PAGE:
Another factor was involved. As John Horgan explained to Ken Boon, the NDP did not want to give the appearance of being opposed to major projects. The C.D. Howe report added:

Politics make the decision to cancel (or defer) a project even more difficult as some politicians perceive project terminations as an admission of failure. Alongside the funds spent, politicians invest their reputation and electability… However, careful economic analysis suggests that BC ratepayers may, in fact, end up paying more by the project continuing than they would if they simply paid off the debt already incurred and pursued an alternative path.

In proceeding with Site C, political and business interests took advantage of citizens of British Columbia. They were aided by corporate media not interested in protecting the public interest. Paul H. Weaver, a former political scientist at Harvard University, proposed that media and government had become “so ensnared in a symbiotic web of lies that the news media are unable to tell the public what is true and the government is unable to govern effectively.”

Most long-time pundits in the Press Gallery refused to fully examine and report on Site C’s foundation of lies and misinformation. Joking about the unstable ground beneath Site C, Vaughn Palmer recently told a CKNW audience, “I am going to go to the official opening, but I am going to stand upstream.” 

Considering that Palmer referred to writers like the one you’re reading as “nincompoops ranting in their underpants,” I should be angered by the attempt at humour. Instead, I see it as an admission of Palmer’s failure to report accurately on the boondoggle unfolding 900 kilometres from where he lives. With perhaps a single exception, Palmer’s longtime Press Gallery colleagues were similarly uninterested in reporting fully on an unnecessary megaproject.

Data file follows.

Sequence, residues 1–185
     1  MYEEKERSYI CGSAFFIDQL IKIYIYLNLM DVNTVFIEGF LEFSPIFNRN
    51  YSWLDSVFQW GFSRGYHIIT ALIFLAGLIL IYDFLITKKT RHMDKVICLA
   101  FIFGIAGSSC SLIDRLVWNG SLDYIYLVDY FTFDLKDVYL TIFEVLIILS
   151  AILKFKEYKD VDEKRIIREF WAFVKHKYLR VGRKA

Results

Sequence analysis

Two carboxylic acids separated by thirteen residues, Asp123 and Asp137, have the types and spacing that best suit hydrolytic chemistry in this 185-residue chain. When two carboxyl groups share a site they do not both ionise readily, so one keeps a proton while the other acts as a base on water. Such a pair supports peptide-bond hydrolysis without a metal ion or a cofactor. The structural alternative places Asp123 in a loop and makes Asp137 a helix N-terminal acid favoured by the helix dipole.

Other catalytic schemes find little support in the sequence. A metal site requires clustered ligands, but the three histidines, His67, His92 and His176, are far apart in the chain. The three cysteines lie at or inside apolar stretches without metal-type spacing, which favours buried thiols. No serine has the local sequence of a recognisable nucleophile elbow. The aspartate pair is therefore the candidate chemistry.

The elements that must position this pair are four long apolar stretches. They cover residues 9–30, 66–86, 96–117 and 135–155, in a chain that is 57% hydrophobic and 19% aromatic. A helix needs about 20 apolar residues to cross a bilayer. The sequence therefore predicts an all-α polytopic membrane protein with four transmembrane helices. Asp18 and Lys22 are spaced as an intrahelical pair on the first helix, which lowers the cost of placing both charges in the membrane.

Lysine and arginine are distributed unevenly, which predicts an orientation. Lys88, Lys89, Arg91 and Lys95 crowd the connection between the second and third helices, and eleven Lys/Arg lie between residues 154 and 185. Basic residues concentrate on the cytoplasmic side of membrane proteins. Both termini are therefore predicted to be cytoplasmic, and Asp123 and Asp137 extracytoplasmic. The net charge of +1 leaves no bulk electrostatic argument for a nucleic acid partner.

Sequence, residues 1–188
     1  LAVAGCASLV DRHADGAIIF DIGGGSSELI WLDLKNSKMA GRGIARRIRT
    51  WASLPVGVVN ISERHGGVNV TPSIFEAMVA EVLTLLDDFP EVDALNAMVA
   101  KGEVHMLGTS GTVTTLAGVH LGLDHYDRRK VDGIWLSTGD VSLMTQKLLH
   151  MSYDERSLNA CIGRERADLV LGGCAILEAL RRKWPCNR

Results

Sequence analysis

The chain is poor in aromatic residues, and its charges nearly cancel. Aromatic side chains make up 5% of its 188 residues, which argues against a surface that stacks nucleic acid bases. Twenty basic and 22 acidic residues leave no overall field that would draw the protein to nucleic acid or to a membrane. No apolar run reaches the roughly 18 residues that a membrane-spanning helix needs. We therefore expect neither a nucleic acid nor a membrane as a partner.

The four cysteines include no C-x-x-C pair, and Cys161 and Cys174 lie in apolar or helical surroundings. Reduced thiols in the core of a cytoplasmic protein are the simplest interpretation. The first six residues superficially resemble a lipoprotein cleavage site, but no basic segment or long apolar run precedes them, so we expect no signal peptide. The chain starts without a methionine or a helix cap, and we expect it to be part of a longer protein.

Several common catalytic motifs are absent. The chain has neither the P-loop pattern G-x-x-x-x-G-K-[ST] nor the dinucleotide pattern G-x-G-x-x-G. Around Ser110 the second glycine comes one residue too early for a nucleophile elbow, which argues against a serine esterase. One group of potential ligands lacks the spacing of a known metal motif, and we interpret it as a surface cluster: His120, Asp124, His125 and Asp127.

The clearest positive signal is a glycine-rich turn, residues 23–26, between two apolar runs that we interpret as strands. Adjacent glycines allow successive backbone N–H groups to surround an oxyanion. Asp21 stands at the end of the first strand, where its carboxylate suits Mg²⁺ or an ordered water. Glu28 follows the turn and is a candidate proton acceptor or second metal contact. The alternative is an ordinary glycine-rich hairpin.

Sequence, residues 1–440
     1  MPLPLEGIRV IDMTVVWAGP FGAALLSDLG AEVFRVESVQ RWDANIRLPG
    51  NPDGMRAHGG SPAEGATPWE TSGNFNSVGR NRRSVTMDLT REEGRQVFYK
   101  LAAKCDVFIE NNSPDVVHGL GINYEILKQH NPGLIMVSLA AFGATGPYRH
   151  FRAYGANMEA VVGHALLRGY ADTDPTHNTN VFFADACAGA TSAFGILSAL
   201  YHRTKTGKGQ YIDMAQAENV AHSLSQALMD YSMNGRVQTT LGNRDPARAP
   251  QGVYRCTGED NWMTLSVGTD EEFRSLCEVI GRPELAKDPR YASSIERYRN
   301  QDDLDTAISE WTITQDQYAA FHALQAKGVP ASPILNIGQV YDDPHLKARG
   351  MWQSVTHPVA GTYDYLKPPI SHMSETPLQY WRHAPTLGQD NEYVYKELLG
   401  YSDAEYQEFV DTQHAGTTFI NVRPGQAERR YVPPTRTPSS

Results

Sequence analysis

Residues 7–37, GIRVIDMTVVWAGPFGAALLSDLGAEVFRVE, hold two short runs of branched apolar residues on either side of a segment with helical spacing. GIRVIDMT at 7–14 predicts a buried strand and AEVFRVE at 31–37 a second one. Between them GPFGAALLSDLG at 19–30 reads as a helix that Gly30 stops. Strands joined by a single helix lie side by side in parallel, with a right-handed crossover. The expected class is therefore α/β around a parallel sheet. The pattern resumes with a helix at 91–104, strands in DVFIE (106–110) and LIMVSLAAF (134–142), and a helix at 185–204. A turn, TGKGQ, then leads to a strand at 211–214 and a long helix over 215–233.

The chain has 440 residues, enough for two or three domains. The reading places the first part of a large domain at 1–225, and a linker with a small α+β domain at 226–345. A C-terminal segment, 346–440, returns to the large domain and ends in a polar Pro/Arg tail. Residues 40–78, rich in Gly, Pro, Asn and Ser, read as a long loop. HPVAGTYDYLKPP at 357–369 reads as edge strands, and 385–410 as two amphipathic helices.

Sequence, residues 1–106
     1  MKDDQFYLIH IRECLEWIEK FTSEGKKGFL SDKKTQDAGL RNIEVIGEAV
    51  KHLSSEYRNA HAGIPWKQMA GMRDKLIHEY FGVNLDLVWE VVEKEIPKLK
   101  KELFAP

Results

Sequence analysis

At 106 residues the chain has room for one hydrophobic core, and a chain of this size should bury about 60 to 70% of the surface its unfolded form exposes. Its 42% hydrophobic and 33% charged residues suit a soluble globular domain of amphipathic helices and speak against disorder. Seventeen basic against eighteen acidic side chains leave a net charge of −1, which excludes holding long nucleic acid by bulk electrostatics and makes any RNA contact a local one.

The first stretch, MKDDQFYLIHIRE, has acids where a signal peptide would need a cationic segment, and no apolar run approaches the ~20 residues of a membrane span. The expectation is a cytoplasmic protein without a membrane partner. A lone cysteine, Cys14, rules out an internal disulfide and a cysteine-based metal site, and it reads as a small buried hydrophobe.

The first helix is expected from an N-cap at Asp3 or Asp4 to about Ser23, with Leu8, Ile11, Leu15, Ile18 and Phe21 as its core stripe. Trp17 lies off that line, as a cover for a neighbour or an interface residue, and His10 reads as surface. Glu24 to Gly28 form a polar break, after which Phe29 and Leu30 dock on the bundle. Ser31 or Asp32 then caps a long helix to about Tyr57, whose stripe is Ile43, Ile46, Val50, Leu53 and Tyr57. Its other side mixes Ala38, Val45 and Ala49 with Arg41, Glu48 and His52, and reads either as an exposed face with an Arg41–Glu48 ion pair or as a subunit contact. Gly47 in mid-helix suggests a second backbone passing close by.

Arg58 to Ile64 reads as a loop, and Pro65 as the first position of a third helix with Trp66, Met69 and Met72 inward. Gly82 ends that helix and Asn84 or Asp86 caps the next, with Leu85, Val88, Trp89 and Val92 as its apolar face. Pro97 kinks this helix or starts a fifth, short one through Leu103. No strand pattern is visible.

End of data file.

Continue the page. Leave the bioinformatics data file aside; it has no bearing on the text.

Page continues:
Categories: Site C

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8 replies »

  1. Thanks for this article Norm. Electricity from wind turbines have advanced a huge amount in the last two decades.

    Fifteen years ago or so the large insurance underwriters withdrew from selling operator insurance because the industry was populated with simpleton operators who liked to think that turbines could be left to run, unbridled in all conditions. Folks who understood machinery and matters like bearing wear were shutout. When the finance folks confronted the reality of no insurance coverage wind turbine operations took on a more intelligent style.

    The break through was the installation of real time monitoring gear that detected temperatures at critical locations, shaft vibrations and several screens that captured particulates in oil.

    This real time information was then relayed to a central processor via satellite . The feed allowed the operator to keep the generator operating, in the agreed parameters, and the insurer to have or know of records proving so.

    By these means the operating and financial risks of wind turbines declined dramatically . This style of operating turbine gear was variously understood by the aviation industry and only needed to be transferred to operating wind turbines.

    Liked by 1 person

  2. Burrard thermal=site C and free as already existed?
    Manufacturing consent?
    geothermal BC untapped?
    keeyask muskrat bipole 3?


  3. Imagine a wind turbine that can generate 14.7 million watts (14.7 MW) . . . with 3 blades at 108 m (354 ft.) long each, with a rotor diameter of 222 m (728 ft.) Now multiply by 60!
    This offshore wind farm will be in Northern Scotland’s Moray Firth, 200 km N from Edinburgh on the East Coast side.